Yarra Valley Water powered by solar

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Nearly a third of the energy for Yarra Valley Water’s head office will soon be generated onsite from solar.  

Following the installation of solar panels at Yarra Valley Water’s Upper Yarra, Healesville and Whittlesea treatment plants, solar panels will also be installed at the Mitcham site.

Yarra Valley Water’s Managing Director, Pat McCafferty, said that Yarra Valley Water is committed to its 2025 target and that it is crucial for all organisations to implement real tactics to reduce their carbon footprint.

“The future security of water, Australia’s most precious resource, depends on our response to climate change now, which is why Yarra Valley Water is aiming to produce 100 per cent of its energy needs from renewable sources.

“All Australian organisations should be looking to adopt renewable energy and more sustainable practices. The environmental benefits are obvious, but when you also factor in the financial savings, it makes complete sense,” Mr McCafferty said.

A further display of Yarra Valley Water’s commitment to renewable energy is Yarra Valley Water’s waste to energy plant in Wollert, the first waste to energy plant operating in Victoria.

The plant has been operating for over a year and has processed in excess of 25,000 tonnes of commercial food waste to create 7,500,000kWh of clean, renewable energy which reduces greenhouse gas emissions and landfill.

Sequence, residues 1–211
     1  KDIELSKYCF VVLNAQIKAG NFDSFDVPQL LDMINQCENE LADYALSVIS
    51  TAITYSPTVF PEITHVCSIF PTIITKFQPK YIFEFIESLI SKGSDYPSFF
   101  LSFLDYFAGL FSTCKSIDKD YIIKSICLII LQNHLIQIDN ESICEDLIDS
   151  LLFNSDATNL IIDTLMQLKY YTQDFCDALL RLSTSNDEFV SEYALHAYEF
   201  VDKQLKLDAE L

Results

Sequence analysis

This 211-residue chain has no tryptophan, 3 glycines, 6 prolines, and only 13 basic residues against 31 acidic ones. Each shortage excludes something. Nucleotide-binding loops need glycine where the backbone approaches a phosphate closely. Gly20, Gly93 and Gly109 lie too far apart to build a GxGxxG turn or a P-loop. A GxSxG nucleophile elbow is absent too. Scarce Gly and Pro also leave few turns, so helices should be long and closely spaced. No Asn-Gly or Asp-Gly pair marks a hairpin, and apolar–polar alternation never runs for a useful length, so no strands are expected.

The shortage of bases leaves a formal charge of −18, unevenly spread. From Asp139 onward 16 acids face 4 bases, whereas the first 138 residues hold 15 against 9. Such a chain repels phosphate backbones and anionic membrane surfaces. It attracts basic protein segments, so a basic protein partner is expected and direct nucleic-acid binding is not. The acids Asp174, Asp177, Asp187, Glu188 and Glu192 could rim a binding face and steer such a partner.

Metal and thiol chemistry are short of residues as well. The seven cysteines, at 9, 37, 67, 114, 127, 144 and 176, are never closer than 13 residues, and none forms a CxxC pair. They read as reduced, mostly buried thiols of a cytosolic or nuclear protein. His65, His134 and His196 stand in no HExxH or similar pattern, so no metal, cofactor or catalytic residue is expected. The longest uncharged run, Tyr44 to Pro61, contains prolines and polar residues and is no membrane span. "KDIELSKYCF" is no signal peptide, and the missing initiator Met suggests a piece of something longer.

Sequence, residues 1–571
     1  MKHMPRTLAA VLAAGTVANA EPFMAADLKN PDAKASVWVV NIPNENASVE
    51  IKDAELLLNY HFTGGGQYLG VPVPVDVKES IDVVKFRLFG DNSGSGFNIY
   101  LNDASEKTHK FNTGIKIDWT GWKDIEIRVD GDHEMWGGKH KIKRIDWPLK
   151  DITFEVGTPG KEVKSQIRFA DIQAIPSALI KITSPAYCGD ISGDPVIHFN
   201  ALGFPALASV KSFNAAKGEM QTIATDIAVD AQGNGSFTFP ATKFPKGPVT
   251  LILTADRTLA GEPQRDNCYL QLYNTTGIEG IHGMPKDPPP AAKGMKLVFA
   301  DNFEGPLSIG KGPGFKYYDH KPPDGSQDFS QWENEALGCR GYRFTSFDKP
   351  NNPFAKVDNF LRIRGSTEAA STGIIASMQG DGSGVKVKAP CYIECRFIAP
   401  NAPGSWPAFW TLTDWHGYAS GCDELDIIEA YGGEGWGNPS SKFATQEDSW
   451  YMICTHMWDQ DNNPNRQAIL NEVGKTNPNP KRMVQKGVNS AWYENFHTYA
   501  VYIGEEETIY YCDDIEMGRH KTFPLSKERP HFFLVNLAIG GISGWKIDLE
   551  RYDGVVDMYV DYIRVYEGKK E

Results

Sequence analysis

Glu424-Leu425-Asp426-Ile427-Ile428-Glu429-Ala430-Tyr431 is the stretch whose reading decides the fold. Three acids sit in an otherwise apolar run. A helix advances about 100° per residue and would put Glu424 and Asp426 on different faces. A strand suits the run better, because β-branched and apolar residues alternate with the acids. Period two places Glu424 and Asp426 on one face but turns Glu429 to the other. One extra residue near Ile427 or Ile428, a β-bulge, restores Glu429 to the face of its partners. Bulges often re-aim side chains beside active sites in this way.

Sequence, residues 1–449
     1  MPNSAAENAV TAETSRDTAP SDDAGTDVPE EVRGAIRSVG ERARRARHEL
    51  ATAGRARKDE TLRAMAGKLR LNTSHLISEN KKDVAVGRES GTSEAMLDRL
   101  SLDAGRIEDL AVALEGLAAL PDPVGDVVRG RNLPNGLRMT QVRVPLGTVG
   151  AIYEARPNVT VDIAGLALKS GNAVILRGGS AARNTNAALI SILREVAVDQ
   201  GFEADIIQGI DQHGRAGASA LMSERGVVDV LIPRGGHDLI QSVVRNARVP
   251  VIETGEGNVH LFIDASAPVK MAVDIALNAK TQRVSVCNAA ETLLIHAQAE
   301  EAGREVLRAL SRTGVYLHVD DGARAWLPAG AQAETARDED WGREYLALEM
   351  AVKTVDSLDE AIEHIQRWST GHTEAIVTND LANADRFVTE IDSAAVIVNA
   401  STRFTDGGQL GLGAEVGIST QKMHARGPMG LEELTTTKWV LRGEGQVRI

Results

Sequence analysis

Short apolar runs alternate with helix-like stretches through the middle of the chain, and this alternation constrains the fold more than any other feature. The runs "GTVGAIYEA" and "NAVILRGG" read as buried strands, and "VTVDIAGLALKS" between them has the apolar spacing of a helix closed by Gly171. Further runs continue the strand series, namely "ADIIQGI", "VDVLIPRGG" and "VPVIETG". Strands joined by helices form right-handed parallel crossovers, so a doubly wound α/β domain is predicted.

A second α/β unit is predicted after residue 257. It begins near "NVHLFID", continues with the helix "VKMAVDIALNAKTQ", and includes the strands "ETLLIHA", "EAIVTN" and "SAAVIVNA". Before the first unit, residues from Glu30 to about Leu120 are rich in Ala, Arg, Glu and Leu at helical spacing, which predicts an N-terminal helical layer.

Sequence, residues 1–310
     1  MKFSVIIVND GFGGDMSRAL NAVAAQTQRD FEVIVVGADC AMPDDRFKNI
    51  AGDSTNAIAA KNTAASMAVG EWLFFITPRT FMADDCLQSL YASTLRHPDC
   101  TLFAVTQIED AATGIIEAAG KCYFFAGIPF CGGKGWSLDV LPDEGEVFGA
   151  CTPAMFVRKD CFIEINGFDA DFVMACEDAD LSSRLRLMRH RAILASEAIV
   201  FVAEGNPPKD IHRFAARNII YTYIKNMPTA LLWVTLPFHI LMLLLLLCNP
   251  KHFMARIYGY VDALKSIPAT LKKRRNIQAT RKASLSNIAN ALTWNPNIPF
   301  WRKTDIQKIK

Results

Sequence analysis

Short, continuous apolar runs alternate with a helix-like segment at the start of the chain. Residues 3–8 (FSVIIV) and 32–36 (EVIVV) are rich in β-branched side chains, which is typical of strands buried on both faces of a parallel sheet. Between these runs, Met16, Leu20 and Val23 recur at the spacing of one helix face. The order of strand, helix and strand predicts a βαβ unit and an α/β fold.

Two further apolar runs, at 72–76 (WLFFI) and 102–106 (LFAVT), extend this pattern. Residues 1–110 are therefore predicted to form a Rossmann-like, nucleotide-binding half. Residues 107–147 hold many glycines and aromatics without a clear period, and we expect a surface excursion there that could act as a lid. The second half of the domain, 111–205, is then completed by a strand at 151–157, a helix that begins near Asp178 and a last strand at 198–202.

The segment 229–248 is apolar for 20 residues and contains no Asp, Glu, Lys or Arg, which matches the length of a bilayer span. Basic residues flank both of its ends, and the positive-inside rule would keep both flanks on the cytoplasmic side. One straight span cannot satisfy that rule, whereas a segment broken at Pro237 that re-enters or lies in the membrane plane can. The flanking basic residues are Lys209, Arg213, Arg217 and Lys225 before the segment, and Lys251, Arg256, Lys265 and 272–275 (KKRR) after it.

Markets and food manufacturers deliver the equivalent of 33,000 tonnes of commercial food waste to the Wollert facility each year which is converted into the equivalent of approximately 25 per cent of Yarra Valley Water’s overall energy requirements.

The plant not only powers itself but also the adjacent Aurora sewage treatment plant with enough excess energy to export to the electricity grid. Yarra Valley Water is also exploring increasing renewable energy production at the plant by a further 20 per cent.

Mr McCafferty said that the waste to energy plant was an example of how a large corporation could work together with small businesses to adopt more sustainable ways of doing business.

“By being innovative and collaborative within the context of your business area, large corporations can partner with small businesses to develop mutually beneficial ways of tackling climate change.

“Since the waste to energy plant started operating in May last year, we’ve been inundated with requests from food growers, manufacturers and markets to the point where we sometimes have to turn people away.

“It’s been an outstanding success and a really valuable way of working together with the local businesses and customers we serve as a water utility,” Mr McCafferty said.

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